Just Haiti

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Ever since I accepted the job in Haiti find myself noticing news reports, photos and events related to Haiti. I received some briefing papers through this week, outlining the work I would be doing out there, but also highlighting the risks involved in living in such a poor and destitute country. Initially the warnings filled me with dread, but the more I learn about the country I will soon call ‘home’ (albeit temporarily) the more I am filled with compassion for the people there.

 Following the devastating earthquake that hit the capital Port-au-Prince on January 12th 2010, more than a million people have been living in ‘tent cities’ in and around the capital, living in cramped and crowded conditions. Personal security is a problem, and women and girls are particularly vulnerable to sexual violence, and rape is rife, with 100 cases reported in January and February alone according to KOFAVIV an organisation working to support rape survivors.

 Yet bringing the perpetrators to justice faces several obstacles. The crime was only made illegal in 2005 and it remains difficult to obtain the essential medical certificate so heavily relied upon in court. Fears of reprisal and attitudes towards rape victims often deter women from reporting attacks, implying that the statistics are masking a wider problem. The justice system is struggling to get back on its feet after documents were destroyed in the earthquake, and police forces are inundated with other priorities.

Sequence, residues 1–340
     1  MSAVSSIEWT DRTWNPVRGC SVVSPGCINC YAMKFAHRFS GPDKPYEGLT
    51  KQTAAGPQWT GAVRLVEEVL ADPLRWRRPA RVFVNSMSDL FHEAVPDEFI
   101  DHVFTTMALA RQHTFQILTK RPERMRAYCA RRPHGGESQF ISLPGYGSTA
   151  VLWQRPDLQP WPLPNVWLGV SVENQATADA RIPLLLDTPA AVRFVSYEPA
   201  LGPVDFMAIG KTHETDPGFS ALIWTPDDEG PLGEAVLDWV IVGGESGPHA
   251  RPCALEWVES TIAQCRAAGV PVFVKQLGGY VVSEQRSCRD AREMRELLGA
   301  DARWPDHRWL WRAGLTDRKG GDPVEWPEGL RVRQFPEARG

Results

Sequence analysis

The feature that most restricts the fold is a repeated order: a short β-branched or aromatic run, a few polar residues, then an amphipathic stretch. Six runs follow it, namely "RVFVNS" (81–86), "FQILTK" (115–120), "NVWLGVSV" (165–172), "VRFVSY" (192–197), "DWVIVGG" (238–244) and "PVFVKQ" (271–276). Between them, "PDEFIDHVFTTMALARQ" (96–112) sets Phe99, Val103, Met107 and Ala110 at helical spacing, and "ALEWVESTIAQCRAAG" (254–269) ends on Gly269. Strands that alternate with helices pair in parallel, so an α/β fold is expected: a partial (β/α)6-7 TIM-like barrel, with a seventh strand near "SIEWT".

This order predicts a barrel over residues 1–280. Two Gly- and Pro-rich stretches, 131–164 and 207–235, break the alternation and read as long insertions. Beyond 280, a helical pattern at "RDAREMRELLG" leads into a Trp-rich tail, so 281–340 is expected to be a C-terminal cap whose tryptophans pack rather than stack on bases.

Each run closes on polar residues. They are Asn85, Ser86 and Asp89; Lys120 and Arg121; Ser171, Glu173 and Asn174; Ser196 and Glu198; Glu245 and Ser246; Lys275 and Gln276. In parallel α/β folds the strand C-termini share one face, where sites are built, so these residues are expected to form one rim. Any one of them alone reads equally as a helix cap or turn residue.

Haiti’s new president remains upbeat – perhaps due to his pop star personality – and asserts that change is possible: “We need to change all this. It is our will and our mission to change all this, to make sure the rule of law reigns in Haiti, that justice is for everybody”

 Justice for rape victims in Haiti needs reform, along with better information provision and a change of attitude towards survivors of rape. These and other recommendations were given at a recent forum in Port-au-Prince. It remains to be seen whether support for this initiative will translate into policy that will improve the situation for survivors of sexual violence.

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